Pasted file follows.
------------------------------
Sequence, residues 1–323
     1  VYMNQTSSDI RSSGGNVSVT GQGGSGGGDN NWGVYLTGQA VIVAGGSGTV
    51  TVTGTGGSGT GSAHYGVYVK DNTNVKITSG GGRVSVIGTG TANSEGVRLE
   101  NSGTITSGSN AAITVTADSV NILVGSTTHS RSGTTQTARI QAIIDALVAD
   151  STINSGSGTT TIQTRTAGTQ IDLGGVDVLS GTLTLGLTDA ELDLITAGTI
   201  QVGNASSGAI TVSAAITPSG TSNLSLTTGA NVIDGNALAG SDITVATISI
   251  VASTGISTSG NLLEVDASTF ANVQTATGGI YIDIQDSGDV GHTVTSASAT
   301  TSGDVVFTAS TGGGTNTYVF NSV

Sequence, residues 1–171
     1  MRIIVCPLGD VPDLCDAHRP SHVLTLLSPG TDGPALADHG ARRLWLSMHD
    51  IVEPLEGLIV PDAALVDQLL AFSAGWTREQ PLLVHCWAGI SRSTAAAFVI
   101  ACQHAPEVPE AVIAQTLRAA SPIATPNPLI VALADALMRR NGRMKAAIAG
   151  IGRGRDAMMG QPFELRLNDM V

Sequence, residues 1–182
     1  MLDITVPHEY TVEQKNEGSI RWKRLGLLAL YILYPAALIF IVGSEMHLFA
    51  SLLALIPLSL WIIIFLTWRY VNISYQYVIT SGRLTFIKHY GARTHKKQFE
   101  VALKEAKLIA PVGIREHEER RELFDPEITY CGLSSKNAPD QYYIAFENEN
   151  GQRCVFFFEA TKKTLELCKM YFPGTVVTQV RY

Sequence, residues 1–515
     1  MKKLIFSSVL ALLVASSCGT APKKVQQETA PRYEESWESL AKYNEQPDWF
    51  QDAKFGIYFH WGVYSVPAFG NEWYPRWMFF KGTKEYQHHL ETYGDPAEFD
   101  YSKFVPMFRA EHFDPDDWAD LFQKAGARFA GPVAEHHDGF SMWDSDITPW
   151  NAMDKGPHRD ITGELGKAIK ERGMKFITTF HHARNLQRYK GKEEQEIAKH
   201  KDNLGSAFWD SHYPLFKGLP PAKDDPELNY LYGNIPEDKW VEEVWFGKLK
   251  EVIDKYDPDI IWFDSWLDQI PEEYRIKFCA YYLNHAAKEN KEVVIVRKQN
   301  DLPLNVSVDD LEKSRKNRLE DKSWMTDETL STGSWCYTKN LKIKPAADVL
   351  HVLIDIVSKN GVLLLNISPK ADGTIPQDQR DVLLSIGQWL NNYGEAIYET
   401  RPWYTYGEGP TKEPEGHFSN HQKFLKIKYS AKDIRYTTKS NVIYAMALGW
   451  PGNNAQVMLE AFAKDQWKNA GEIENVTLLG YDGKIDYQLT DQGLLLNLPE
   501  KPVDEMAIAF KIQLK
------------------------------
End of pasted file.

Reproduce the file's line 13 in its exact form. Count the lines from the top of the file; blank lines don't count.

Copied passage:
   151  IGRGRDAMMG QPFELRLNDM V